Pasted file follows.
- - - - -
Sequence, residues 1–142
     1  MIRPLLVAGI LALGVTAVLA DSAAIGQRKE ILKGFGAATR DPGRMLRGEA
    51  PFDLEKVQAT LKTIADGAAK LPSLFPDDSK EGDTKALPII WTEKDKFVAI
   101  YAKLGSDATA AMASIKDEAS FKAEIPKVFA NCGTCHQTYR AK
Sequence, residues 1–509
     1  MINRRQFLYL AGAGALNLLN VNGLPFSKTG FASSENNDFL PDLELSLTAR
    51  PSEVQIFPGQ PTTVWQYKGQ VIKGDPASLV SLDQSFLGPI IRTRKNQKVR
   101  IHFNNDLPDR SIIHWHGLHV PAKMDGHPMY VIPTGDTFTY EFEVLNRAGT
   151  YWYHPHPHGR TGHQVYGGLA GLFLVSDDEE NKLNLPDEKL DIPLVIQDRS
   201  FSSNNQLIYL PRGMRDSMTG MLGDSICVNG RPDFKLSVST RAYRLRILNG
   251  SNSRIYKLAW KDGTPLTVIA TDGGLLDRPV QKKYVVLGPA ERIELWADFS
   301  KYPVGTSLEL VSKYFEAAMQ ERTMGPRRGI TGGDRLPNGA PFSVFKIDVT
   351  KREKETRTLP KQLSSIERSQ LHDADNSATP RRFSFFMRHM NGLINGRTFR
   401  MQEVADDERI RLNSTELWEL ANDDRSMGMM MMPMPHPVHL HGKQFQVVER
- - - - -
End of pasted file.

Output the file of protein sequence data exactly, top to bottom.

Sequence, residues 1–142
     1  MIRPLLVAGI LALGVTAVLA DSAAIGQRKE ILKGFGAATR DPGRMLRGEA
    51  PFDLEKVQAT LKTIADGAAK LPSLFPDDSK EGDTKALPII WTEKDKFVAI
   101  YAKLGSDATA AMASIKDEAS FKAEIPKVFA NCGTCHQTYR AK
Sequence, residues 1–509
     1  MINRRQFLYL AGAGALNLLN VNGLPFSKTG FASSENNDFL PDLELSLTAR
    51  PSEVQIFPGQ PTTVWQYKGQ VIKGDPASLV SLDQSFLGPI IRTRKNQKVR
   101  IHFNNDLPDR SIIHWHGLHV PAKMDGHPMY VIPTGDTFTY EFEVLNRAGT
   151  YWYHPHPHGR TGHQVYGGLA GLFLVSDDEE NKLNLPDEKL DIPLVIQDRS
   201  FSSNNQLIYL PRGMRDSMTG MLGDSICVNG RPDFKLSVST RAYRLRILNG
   251  SNSRIYKLAW KDGTPLTVIA TDGGLLDRPV QKKYVVLGPA ERIELWADFS
   301  KYPVGTSLEL VSKYFEAAMQ ERTMGPRRGI TGGDRLPNGA PFSVFKIDVT
   351  KREKETRTLP KQLSSIERSQ LHDADNSATP RRFSFFMRHM NGLINGRTFR
   401  MQEVADDERI RLNSTELWEL ANDDRSMGMM MMPMPHPVHL HGKQFQVVER